Box clever to avoid tax on offshore pensions
FROM April 2006, it has been possible for individuals who have built up UK pension rights but are non-resident for tax purposes to move their pension benefits out of the UK to a qualifying recognised overseas pension scheme (QROPS).
There are big benefits of switching to a QROPS – such as tax savings, inheritance tax planning and investment control.
However, forthcoming rules changes could lead to a big tax hit. Let’s look at some of the advantages – and how the changes affect offshore pension planning...
A QROPS can have significant tax advantages for those retiring abroad, compared to simply leaving your pension fund in the UK.
If you choose the correct QROPS jurisdiction then the pension income is not subject to tax at source but in the country in which you now reside. In many countries, especially those in the Middle East, there is very little or no tax to pay on pension income.
Up to 30% of your pension fund can be paid out as a tax-free lump sum (rather than 25% in the UK).
When you die, your family can receive your pension fund as a tax-free lump sum (avoiding a tax charge of up to 55% that applies to UK pension funds).
These tax advantages only apply to those who have been non-UK resident for five complete tax years, which is commonly known as the ‘qualifying period’. Those who are UK resident or who are still within five consecutive tax years of leaving the UK will be restricted to 25% of the original transfer value as tax-free cash and will be subject to broadly the same taxation on death as those in a UK registered pension scheme.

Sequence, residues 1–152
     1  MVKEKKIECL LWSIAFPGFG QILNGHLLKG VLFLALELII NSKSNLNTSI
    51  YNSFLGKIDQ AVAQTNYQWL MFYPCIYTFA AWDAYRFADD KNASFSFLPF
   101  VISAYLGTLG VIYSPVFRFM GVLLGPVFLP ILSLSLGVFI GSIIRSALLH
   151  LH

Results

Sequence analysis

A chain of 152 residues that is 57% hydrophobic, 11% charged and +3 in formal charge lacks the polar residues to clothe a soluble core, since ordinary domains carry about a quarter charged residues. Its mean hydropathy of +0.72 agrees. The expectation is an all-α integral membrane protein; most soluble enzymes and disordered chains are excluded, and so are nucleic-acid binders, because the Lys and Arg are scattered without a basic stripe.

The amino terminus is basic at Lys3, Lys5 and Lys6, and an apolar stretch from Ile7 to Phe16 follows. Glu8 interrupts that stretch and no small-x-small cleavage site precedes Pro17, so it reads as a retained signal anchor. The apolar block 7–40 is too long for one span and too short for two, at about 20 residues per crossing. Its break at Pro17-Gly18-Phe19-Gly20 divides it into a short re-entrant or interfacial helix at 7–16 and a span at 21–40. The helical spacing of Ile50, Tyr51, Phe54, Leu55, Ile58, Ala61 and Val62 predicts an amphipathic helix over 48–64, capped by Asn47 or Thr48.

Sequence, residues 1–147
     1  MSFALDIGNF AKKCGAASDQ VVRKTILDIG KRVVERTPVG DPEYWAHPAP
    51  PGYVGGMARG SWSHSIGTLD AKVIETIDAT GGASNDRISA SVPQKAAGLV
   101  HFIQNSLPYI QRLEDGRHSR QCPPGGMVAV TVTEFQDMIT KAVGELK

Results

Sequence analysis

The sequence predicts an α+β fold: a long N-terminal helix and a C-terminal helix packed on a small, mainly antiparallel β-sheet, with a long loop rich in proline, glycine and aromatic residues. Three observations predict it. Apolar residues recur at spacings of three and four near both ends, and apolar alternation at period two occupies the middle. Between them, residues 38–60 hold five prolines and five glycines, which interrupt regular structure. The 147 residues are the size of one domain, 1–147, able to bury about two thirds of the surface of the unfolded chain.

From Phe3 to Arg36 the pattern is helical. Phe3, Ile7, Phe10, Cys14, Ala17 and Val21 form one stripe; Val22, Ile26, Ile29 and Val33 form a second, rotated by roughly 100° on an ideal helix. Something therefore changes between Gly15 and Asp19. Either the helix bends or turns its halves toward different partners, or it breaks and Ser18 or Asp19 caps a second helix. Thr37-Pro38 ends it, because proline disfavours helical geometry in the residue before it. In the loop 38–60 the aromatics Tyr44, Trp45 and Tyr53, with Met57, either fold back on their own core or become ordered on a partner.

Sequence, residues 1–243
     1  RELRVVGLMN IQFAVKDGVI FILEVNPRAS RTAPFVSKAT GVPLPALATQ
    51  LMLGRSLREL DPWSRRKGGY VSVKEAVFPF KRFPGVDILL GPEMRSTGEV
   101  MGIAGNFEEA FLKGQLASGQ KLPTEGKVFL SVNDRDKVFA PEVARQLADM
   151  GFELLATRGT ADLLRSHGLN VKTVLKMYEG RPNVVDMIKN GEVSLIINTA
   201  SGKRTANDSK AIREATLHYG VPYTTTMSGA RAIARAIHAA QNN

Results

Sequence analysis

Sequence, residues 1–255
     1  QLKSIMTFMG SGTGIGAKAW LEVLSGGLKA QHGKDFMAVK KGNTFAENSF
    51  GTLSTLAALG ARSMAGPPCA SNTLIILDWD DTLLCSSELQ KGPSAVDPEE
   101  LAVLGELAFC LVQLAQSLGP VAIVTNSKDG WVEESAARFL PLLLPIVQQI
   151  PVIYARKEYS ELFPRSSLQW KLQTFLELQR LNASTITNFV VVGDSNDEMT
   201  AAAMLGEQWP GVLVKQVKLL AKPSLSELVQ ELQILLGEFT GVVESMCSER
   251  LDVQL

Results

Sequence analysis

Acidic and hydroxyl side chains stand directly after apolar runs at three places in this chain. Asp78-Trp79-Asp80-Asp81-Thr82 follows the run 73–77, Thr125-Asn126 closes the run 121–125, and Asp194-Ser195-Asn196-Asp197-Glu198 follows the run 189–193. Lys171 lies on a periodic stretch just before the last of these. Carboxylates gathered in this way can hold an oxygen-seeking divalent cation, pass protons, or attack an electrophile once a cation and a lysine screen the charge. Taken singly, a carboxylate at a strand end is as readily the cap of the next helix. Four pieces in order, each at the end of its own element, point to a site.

Before transferring to a QROPS you must make sure the scheme you choose appears on the HM Revenue & Customs (HMRC) list of recognised QROPS in order to avoid tax penalties.
On 6 December 2011, HMRC released a consultation document in relation to QROPS as part of the 2012 Finance Act. These changes were aimed at making QROPS rules tighter so that no abuse can occur and are due to be passed into law on 6 April 2012.
Once these rules are passed, one of the many changes is that your QROPS provider will have to report all payments made from a QROPS for ten years from the date you transfer out of a UK registered pension scheme. Any distribution from a QROPS within those ten years must be reported to HMRC within 60 days.
This reporting is a provision of information only and in no way governs the tax treatment of benefits, but you could be caught in the tax net if you have not met the above mentioned qualifying period or if you subsequently return to the UK and become UK resident for tax purposes.
Anyone becoming non-UK resident who intends to remain non-UK resident throughout retirement will have to plan much further in advance than before. Once of the key areas you should consider is your intended retirement destination and double taxation agreements as correct application of these within your QROPS can give massive tax advantages.
Retirement planning for non-UK residents is a complex area of advice with large tax consequences for getting it wrong. Expert advice from a pension specialist is essential.
Pic credit: Ambro/ FreeDigitalPhotos.net
Will you be affected - or do you know someone who will be? Tell cashy...